What is best practice?

As we all adjust to the many challenges brought about by COVID-19, we are increasingly being asked by stakeholders what a “best practice” response looks like for the mining industry, writes ICMM CEO Tom Butler.

The simple answer is that the learning curve is still too steep for anyone to be able to answer. This is a rapidly evolving situation with national governments taking different approaches owing to the varying pace and impact of the pandemic in each country. Governments and international agencies including the World Health Organisation (WHO) are working together to continuously monitor and reassess approaches as research progresses and more information becomes available. The virus itself is new and given its unique characteristics many complex questions still remain around transmission, infection rates, and possible treatments. 

With this in mind, ICMM is facilitating a rapid exchange of information and knowledge to support our members as they develop responses. We have seen members publish detailed guidance on the practical measures they have put in place across operations and further information on how they are supporting local communities. Many of our members have operations across the world and, as a result, responses are tailored to reflect government requirements. We have nevertheless seen several common approaches emerge as members work hard to keep their employees, contractors and suppliers safe.

Measures to protect employees include mandating working from home where physically possible or instigating different rotas, restrictions on work related travel, quarantine protocols for returning travellers, restrictions on non-essential visits to operating sites, social distancing measures, and identification and protection of high-risk individuals. Some members are flying their teams to site on charter aircraft so that they can ensure adequate social distancing on planes. Others measures include temperature screening at site, implementing increased hygiene measures and, in many cases providing a 24/7 hotline for employees to seek medical advice – including access to mental health services given the heightened levels of anxiety caused by the crisis and increased isolation of many workers.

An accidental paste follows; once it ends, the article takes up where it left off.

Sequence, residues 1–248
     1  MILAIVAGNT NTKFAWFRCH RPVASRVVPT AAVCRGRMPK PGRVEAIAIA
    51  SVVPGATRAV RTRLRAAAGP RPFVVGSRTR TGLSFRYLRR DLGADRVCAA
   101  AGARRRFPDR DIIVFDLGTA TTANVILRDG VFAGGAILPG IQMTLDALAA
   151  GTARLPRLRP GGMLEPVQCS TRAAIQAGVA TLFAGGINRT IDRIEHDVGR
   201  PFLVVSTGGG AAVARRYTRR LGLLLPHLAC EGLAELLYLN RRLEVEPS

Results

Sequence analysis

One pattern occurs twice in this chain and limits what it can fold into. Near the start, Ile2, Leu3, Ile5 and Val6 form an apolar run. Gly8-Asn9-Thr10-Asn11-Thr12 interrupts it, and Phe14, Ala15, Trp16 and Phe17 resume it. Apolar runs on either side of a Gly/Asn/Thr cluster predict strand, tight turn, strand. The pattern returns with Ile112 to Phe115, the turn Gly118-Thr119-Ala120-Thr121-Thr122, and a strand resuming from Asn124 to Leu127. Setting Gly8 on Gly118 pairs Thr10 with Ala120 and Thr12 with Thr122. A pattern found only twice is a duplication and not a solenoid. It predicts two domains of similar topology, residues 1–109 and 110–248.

Community responses are being tailored to the specific and most urgent needs of host countries, reflecting different socio-economic positions and in-country regulations. This includes monetary donations to COVID-19 focused funds for practical support including the provision of clean drinking water, donations of company facilities for use as field hospitals and donations of personal protective equipment. There is a strong emphasis on community-focussed communications to raise awareness of what measures to take, whether through online education programmes or other means in those areas without internet. Some members are providing care packages to those most in need and supporting local businesses and suppliers. This list is not exhaustive and further details of company responses can be found here.

As we navigate through, and develop our responses to this crisis, our members’ decisions will be guided by their membership commitments. A key example is risk management, which includes a commitment to “implement risk-based controls to avoid/prevent, minimise, mitigate and/or remedy health, safety and environmental impacts to workers and local communities”, and of course health and safety, which includes a commitment to pursue the ultimate goal of zero harm. Our published guidance on health risk assessment and critical control risk management aims to support these principles by helping companies provide clarity for their operations and surrounding communities on the controls that really matter, and how they should be continuously monitored for effectiveness.

In time, consensus on a ‘good practice’ approach to COVID-19 is likely to emerge as we learn more from the different approaches taken. This is unlikely to be the last such global epidemic and we will need to evaluate the lessons learned to ensure we are well prepared for next time. 

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Tom Butler is Chief Executive Officer at the International Council on Mining and Metals.